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Arizona Strip

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Arizona Strip
Arizona Strip
Side canyon in the Arizona Strip
Side canyon in the Arizona Strip
The Wave, Arizona: a sandstone formation in the Arizona Strip
The Wave, Arizona: a sandstone formation in the Arizona Strip

The Arizona Strip is the part of Arizona lying north of the Colorado River. The difficulty of crossing the Grand Canyon causes this region to have more physical and cultural connections with southern Utah and Nevada than with the rest of Arizona. The largest settlements in the Strip are Colorado City, Fredonia, and Beaver Dam, with its surrounding communities of Scenic, Littlefield and Desert Springs.

General characteristics

The Strip is very typical of the American West in its red-rock canyon country, and the aridity of the climate, which leads to the predominance of sagebrush vegetation. However, the first European settlers were witness to great stretches of grassland in such areas as House Rock Valley which are returning under better ranching practices. The land is also dotted with juniper trees, moving into pinyon pine and juniper forests, and eventually ponderosa pines, spruce, firs, and aspen in the higher elevations such as the Kaibab Plateau.[citation needed]

It has been divided between Coconino County in the east (east of Kanab Creek) and Mohave County in the west. The only significant settlements are Fredonia on Kanab Creek and Colorado City (the Strip's largest community) on the Utah border to the northwest (see also Hildale, Utah). In the extreme west on the Virgin River are the small settlements of Beaver Dam, Littlefield and Scenic, just off Interstate 15. However, the Strip provides the only route accessing the North Rim of the Grand Canyon, and numerous service communities catering to tourists exist along the Strip's main routes heading south from Jacob Lake.[citation needed]

The Strip has a total surface area of 7,878.11 square miles (20,404.2 km2). Of this, 7,856.45 square miles (20,348.12 km2) is land, and only 56.08 km2 (21.653 sq mi, or 0.275%) is water. Its land area is larger than that of the state of Massachusetts, and comprises 6.9 percent of Arizona's land area. About 64.4 percent of its area is in Mohave County and 35.6 percent in Coconino County. Its total population was 8,095 inhabitants at the 2000 census, with 6,221 residing in Mohave County and 1,874 in Coconino County. [1]


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Since the area was first settled by Mormon Pioneers led by Jacob Hamblin in the mid-19th century, the Arizona Strip has been one of the last strongholds of the nineteenth-century practice of polygamy, though this practice was officially disavowed by The Church of Jesus Christ of Latter-day Saints (LDS Church) in 1890. Over the last century the region has been the subject of controversy because of the control groups such as the United Effort Plan, a polygamist Mormon offshoot, exert within the region; nonetheless, such groups remain merely a visible minority.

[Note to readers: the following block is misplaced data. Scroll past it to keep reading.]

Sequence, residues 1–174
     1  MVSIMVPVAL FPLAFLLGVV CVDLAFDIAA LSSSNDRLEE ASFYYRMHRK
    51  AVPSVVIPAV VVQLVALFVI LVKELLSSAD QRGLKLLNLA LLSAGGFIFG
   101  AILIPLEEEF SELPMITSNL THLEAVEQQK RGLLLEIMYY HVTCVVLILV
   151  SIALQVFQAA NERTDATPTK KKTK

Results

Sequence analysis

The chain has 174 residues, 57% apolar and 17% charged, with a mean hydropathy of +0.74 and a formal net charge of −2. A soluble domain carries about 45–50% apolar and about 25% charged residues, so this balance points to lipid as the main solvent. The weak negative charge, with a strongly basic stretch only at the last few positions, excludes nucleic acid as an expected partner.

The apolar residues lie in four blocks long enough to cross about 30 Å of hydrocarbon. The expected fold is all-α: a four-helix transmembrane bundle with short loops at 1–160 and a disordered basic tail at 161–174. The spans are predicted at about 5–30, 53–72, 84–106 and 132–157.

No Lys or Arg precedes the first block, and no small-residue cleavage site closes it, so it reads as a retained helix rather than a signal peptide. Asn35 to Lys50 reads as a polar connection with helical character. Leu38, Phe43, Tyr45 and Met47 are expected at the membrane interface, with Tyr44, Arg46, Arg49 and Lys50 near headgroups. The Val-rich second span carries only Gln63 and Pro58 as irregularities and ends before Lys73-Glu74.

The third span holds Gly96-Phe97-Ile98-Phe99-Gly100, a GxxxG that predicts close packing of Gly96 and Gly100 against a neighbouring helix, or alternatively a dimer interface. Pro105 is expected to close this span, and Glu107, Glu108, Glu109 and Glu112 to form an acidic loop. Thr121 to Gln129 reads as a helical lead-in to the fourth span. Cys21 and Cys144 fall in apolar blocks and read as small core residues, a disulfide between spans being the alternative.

The Arizona Strip was long a cattleman's paradise with large stretches of grassy meadow in the valleys and the high Kaibab Plateau as summer forage. At the beginning of the 20th century the Grand Canyon Cattle Company, otherwise known as the Bar Z Brand, ran upwards of 100,000 cattle throughout the strip. Land and water use often led to friction between competing brands, and there are accounts of limited range wars between different outfits and between sheepmen and cattlemen.

The strip had been a battleground between Native American and white settlers during the 19th century, with Navajo parties crossing over the Colorado River and raiding Mormon settlements. Peace was largely maintained through the diplomatic efforts of Jacob Hamblin. It also served as the primary route from Utah into Arizona, as the Grand Canyon and the Colorado River serve as almost impenetrable barriers to the south.


The Arizona Strip is very sparsely populated and connected to the rest of Arizona by only limited highway links, at Navajo Bridge and the Glen Canyon Dam bridge, both at the eastern end on U.S. Route 89 and crossing the Colorado River, a few Arizona state highways and U.S. Route 89A at Fredonia, Arizona. It does have multiple road links to Utah to the north; as a result, the region has stronger historic, economic and cultural ties to Utah than to Arizona. Residents of Littlefield, Arizona, and the surrounding northwest corner of the state, near Interstate 15, must physically leave the state and reenter from Utah, Nevada, or California.

Four primary unpaved roads enter the core of the strip: from Mesquite, Nevada; St. George, Utah; Colorado City, Arizona; and Fredonia, Arizona. All four are dirt/gravel and should not be driven by vehicles with low ground clearance. Motorists should check with the BLM locally before heading into the strip on these roads, and are advised to be prepared – even rangers may not know current conditions, such as snow/ice cover and washouts.

Nature and monuments

Protected lands

Cabin on the historic Kane Ranch, a conservation project of the Grand Canyon Trust.
Cabin on the historic Kane Ranch, a conservation project of the Grand Canyon Trust.

Most of the land in the Arizona Strip is managed by the United States Bureau of Land Management or the United States Forest Service. The area holds several U.S. Wilderness Areas and U.S. National Monuments and the Kaibab Indian Reservation. The southern part of the Arizona Strip includes the north rim of Grand Canyon National Park and the northern section of the Lake Mead National Recreation Area.

National Monuments

National Parks

National Recreation Areas

Wilderness Areas

Coordinates: 36°39′N 112°50′W / 36.650°N 112.833°W / 36.650; -112.833

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Arizona Strip
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